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. Last Updated: 07/27/2016

A Bit of a Close Shave Many Years Ago at Sea

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If you watch television at all these days you're bound to have seen the ad for shaving cream featuring a father and son in front of the bathroom mirror. "Some day soon my son will be shaving with me!" the father joyously intones as he spreads the snowy foam on his cheeks.

This ad always sends me back to my teenage years. I plunked down in the barber's chair for my first shave as a 16-year-old cadet. Navy regulations required that cadets of the Higher Naval Academy always be clean-shaven. The barber didn't use a blade. Instead, he mowed through the fuzzy ginger growth on my cheeks with electric clippers. It took me a long time to come to terms with the idea of shaving every day, and my negligence earned me numerous reprimands from my superior officers.

I would watch with envy as my roommate Yura shaved with a marvelous steel Solingen razor that his father had sent from the front. My father sent crude Zvezda safety blades, and I made matters worse by using each blade several times to save money.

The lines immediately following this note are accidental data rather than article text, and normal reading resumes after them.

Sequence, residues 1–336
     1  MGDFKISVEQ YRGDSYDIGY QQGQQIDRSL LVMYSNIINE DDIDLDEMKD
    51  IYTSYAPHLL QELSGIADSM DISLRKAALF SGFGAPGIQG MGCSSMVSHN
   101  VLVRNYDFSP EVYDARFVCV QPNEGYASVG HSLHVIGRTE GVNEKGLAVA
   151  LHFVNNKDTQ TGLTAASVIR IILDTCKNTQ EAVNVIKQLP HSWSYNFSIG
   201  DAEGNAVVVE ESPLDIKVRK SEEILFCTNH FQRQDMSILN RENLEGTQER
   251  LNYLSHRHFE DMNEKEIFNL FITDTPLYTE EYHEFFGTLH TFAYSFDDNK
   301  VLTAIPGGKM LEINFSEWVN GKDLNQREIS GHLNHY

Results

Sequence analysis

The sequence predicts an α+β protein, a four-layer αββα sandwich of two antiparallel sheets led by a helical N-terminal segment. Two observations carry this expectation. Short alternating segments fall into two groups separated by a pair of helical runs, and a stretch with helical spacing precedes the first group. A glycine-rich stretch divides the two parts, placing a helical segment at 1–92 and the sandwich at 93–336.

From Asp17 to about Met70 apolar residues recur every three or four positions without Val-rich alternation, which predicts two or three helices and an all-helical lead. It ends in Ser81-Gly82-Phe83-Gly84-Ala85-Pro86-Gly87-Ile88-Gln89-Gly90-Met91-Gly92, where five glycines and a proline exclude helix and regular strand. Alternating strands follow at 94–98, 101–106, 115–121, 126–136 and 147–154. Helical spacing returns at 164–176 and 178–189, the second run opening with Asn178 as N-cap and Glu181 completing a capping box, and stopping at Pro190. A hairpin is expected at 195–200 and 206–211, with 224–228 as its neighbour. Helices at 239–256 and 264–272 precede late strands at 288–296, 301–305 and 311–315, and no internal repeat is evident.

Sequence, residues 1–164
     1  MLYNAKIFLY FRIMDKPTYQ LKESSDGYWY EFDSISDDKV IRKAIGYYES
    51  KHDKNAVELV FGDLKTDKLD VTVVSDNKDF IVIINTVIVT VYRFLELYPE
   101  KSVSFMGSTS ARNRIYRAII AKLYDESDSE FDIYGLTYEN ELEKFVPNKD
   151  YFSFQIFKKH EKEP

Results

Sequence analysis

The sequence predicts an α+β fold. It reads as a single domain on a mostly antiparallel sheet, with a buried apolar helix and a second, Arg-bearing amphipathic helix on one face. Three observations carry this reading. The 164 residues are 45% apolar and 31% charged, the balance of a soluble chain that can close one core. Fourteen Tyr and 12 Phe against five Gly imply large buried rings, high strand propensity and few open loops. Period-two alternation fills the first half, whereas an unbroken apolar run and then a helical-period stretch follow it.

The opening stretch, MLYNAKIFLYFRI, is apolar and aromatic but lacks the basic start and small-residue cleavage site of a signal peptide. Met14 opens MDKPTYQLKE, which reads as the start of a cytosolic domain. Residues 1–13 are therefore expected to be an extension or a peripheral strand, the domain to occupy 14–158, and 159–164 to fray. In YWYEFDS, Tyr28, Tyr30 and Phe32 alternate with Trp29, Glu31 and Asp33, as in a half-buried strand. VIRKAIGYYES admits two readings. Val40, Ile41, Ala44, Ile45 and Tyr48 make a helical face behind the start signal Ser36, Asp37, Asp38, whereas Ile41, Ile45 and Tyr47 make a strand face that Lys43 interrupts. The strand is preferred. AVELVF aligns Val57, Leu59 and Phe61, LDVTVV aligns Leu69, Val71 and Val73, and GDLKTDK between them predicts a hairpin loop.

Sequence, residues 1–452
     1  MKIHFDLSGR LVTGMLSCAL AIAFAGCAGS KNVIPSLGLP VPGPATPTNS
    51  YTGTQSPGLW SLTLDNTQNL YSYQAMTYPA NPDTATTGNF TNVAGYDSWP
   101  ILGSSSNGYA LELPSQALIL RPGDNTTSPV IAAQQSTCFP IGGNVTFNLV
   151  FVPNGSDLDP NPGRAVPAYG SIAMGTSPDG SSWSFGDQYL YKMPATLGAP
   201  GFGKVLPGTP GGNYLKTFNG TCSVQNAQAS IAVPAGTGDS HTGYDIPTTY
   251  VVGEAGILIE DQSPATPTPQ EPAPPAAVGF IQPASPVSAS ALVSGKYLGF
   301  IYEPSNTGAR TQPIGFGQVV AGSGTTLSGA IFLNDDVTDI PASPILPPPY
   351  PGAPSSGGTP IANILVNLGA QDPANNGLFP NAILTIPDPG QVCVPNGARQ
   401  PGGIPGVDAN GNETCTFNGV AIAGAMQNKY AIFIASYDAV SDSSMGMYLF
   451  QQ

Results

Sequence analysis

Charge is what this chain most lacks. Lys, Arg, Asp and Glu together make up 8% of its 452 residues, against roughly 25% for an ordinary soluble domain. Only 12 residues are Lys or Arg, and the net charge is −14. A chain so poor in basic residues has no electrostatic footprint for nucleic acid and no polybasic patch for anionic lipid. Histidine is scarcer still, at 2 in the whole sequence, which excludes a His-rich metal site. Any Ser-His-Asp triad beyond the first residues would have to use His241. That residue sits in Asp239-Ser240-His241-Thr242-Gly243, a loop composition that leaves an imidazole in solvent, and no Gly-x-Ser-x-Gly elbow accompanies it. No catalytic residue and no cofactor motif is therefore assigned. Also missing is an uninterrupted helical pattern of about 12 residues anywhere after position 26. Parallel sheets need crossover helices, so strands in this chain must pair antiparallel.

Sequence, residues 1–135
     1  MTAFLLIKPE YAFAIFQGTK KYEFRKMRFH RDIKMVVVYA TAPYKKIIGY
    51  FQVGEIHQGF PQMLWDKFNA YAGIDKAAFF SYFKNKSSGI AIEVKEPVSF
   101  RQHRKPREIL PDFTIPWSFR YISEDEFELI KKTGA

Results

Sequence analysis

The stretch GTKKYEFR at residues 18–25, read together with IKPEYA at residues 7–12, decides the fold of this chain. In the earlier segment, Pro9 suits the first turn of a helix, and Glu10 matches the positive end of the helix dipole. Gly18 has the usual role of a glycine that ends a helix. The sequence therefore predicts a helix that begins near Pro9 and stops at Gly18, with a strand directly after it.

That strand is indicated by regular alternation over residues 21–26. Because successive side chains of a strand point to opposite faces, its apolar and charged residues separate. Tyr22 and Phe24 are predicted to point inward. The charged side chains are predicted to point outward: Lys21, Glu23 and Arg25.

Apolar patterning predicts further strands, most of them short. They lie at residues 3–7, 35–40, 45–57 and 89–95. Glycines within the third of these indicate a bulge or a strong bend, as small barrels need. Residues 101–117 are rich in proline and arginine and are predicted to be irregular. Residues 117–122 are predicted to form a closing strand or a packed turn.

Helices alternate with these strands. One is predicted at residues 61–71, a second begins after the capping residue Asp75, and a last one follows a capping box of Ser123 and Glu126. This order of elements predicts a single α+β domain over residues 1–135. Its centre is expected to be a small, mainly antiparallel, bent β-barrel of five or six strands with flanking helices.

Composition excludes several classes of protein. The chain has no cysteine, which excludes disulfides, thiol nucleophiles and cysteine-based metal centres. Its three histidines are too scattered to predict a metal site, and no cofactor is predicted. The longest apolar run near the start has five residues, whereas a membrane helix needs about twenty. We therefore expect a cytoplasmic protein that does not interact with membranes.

Shaving in the large, mirrored bathroom in our barracks never took more than five minutes or so. When we began our training at sea, however, the procedure took a lot longer because we only had one hand-held mirror in our quarters for 20 cadets. Our commanding officers understood this, and tended not to dog us too much about shaving.

One fine day General Tatarinov, deputy commander of the Higher Soviet Naval Academies, came on board our training vessel. He was known for his strict adherence to regulations. And as it happened, this was one of those days when I had not managed to shave. As soon as we put out to sea he ordered a combat-readiness drill. When we heard the alarm we all rushed to our battle stations. I was in charge of an anti-aircraft gun.

As the general completed his inspection, he approached my position.

"Comrade general, the gun is ready for action," I reported.

"You have five minutes to shave," he replied, much to my surprise.

I bolted for my quarters. I couldn't find the mirror so I began blindly scraping my cheeks and chin with my dull razor. I managed to shave in a minute and a half, though not without a few cuts. I rushed back to the bridge, ran up the general and reported: "Your order has been carried out!"

"What order?" he asked.

"I shaved."

The general let out a laugh and said in an edifying tone: "A sailor, not to mention a future officer, must shave every morning." That instruction was a defining moment for the routine of my daily life. For 60 years now I have begun every day by shaving, though I long ago got rid of the Zvezda safety razor, thank goodness.

Vladislav Schnitzer is a pensioner and journalist living in Moscow.